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Tuesday, July 17, 2018
Together with the president of Mauritius, Swedish Prime Minister Stefan Löfven was to draw up a plan for the future focus of the UN-body ILO. But the work has hit an unexpected speed bump. Löfvens copartner has been forced out of office after a credit card scandal, where she shopped shoes and jewels in London for USD 26,000.
STOCKHOLM, May 9 2018 (IPS) - There is a compact silence surrounding how the corruption scandal affects ILO’s work on developing a plan to change the UN body.
In August 2017, Prime Minister Stefan Löfven and the then President of Mauritius Ameenah Gurib-Fakim were appointed to lead the ILO Global Commission on the Future of Work.
Their mission was to develop an overall strategy for how the ILO would ensure that the gains of globalization are more equally shared, and how the global labour market shall deal with challenges such as climate change, digitization and aging populations.
The Commission brought together twenty-one experts and politicians from all over the world, under the lead of Prime Minister Stefan Löfven and Ameenah Gurib-Fakim.
”It’s time for everyone to take part in globalization. This is done by addressing the problems in the global labour market and building social cohesion and creating confidence that benefits everyone and does not oppress anyone,” said Stefan Löfven when the Commission was presented in Geneva in August 2017.
”When we look at the future, we must do it from many different perspectives and situations. We must place people’s well-being first and build the agenda around it,” added Ameenah Gurib-Fakim .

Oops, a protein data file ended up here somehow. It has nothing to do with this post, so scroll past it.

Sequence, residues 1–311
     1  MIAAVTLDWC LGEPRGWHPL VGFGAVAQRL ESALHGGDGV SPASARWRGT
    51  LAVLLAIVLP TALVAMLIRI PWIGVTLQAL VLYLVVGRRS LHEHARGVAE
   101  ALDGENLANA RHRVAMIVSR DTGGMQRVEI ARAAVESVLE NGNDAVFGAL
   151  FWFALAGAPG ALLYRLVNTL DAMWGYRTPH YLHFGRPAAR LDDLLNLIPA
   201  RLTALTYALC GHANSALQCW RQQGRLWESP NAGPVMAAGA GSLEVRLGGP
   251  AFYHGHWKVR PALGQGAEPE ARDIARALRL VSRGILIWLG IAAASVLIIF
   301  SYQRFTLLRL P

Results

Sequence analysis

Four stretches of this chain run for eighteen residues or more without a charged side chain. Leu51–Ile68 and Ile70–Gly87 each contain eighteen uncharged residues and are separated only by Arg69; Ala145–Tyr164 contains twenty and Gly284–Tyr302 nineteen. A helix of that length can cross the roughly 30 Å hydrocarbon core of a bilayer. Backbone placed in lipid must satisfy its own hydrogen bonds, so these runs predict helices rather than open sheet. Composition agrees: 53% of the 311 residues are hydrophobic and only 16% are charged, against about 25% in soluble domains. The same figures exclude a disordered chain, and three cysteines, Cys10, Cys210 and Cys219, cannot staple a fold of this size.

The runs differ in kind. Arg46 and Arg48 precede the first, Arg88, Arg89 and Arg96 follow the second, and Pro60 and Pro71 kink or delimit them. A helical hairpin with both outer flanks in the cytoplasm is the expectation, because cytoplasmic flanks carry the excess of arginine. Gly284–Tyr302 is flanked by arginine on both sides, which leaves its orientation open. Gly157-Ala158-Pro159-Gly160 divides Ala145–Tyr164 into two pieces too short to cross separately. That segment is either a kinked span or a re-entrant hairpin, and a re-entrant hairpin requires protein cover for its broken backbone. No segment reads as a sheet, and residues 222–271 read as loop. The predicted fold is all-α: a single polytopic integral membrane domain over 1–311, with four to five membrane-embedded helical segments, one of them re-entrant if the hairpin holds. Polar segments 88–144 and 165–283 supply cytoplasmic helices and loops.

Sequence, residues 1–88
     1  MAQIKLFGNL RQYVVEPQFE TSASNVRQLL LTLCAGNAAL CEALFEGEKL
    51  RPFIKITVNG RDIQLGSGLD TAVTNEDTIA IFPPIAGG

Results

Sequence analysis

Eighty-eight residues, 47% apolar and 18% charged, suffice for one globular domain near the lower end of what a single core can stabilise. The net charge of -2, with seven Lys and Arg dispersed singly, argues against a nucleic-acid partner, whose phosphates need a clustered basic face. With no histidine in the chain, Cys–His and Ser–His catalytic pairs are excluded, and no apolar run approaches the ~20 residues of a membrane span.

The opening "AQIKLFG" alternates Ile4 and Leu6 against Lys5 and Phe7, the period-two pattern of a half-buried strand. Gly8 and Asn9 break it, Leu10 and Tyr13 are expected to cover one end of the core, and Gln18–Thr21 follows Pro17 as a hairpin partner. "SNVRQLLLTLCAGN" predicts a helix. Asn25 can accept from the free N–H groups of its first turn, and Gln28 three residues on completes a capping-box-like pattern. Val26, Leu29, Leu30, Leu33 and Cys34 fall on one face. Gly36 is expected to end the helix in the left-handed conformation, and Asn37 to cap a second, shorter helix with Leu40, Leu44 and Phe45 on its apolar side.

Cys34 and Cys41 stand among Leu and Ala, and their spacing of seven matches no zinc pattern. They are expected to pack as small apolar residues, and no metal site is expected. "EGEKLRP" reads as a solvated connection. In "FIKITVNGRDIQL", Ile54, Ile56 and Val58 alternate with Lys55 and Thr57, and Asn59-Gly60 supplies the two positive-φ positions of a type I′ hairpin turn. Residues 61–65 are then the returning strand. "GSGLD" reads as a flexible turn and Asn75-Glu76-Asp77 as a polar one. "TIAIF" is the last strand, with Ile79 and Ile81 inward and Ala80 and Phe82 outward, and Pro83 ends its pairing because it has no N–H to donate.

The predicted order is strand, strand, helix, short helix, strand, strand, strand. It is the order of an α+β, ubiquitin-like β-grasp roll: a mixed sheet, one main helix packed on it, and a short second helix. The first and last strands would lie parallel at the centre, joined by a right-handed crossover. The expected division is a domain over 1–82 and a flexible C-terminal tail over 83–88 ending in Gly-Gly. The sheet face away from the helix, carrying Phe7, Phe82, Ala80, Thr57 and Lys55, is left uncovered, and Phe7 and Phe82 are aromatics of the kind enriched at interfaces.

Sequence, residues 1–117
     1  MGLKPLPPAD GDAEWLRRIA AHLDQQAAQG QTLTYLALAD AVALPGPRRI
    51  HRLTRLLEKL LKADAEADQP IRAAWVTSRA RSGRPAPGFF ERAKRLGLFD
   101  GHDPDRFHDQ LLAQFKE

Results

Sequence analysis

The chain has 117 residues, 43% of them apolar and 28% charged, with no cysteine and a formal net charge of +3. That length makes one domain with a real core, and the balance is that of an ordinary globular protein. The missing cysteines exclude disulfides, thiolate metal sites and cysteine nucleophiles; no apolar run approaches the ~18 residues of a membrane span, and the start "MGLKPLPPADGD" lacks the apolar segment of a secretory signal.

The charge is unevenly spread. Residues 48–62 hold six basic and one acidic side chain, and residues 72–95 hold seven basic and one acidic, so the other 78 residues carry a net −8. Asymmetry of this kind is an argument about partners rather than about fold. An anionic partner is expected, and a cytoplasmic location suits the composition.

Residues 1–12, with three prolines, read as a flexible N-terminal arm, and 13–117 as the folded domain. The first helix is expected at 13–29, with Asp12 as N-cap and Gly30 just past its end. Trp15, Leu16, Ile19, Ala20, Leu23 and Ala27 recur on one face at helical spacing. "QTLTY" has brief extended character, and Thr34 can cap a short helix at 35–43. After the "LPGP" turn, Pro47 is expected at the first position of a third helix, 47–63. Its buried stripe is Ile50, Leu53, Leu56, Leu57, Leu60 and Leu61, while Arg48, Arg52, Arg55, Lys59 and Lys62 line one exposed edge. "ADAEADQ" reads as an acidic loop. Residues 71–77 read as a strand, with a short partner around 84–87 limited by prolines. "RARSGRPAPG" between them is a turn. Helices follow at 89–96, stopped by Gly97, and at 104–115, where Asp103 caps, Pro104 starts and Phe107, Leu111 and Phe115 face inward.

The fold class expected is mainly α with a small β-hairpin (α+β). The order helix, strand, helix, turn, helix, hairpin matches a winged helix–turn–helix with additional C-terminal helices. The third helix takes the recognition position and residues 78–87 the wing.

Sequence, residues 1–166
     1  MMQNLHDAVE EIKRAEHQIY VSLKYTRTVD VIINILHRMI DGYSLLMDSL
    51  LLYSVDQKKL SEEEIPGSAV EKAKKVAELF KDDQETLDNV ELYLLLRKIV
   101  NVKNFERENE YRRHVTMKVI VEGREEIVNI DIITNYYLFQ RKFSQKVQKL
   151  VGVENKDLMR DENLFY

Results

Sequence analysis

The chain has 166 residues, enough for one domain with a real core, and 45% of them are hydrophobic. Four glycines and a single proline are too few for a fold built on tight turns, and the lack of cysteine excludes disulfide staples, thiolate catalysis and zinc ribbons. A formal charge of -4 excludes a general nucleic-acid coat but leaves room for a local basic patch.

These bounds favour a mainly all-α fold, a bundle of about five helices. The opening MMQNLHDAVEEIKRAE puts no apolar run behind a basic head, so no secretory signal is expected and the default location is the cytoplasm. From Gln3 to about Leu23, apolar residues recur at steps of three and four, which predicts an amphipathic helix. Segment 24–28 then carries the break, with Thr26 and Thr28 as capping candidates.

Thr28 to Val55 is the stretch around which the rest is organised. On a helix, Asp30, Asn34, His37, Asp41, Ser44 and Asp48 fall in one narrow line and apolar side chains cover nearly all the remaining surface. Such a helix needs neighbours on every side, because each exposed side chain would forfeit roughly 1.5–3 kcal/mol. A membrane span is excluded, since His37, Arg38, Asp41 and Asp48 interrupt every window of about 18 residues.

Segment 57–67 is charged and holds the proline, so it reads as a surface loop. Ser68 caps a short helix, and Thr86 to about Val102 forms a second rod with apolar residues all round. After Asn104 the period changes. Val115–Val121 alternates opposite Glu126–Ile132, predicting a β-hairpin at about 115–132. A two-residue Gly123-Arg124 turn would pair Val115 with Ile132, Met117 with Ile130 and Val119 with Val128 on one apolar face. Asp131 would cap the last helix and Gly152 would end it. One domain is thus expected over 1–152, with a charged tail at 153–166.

But the Commission barely had time to start working before one of its chairpersons found herself mixed up in a corruption scandal.
The Mauritanian newspaper L’Express was able to publish documents that showed that Gurib-Fakim had bought jewels and apparel for USD 26,000 during a shopping trip to London.
Gurib-Fakim claimed to have used the NGO’s credit card by accident, and that she had paid back the full amount. But faced with harsh criticism Gurib-Fakim eventually decided to resign from the largely ceremonial president post earlier this spring.
When Arbetet Global writes to the Swedish Prime Minister’s Office to ask whether the controversy surrounding Gurib-Fakim in Mauritius is affecting the work of the Commission’s, the reply is a brief one.
”Ameenah Gurib-Fakim has resigned as co-chair of the ILO Commission. If you have any other questions, I have to refer to the ILO,” states Dan Lundqvist Dahlin, press secretary to the Prime Minister.
The ILO appears equally unwilling to comment. In an e-mail, the Director-General’s cabinet writes that the decision to resign from the Commission was Gurib-Fakim’s own.
Would it have been inappropriate for Gurib-Fakim to stay on as co-chair after having resigned as president of Mauritius?
“We cannot comment on this hypothetical question since she took the decision to resign.”
The chairmanship of the Commission is attached to the person elected, and is not affected by changes in the chairpersons home country.
Stefan Löfven will remain chairperson regardless of whether the Social Democratic Party stay in power after the Swedish general election in September. In theory, Ameenah Gurib-Fakim could have stayed on as co-chair despite having stepped down in Mauritius.
However, a source with intimate knowledge of the internal politics of the ILO describes the appointments as being “incredibly sensitive”.
“There is a lot of politics behind the appointments and the composition of delegates is supposed to keep everyone happy and make sure the Commission has legitimacy. That she resigned was most probably politically motivated.”
Asked whether a new chairperson will be appointed or if Stefan Löfven is to lead the Commission by himself, the Director-General’s cabinet responded that ”consultations are ongoing based on this new situation”.
At the time of publication of this article, Ameenah Gurib-Fakim was still presented as Chairperson of the Commission, and President of Mauritius, on the ILO’s website.
This story was originally published by Arbetet Global
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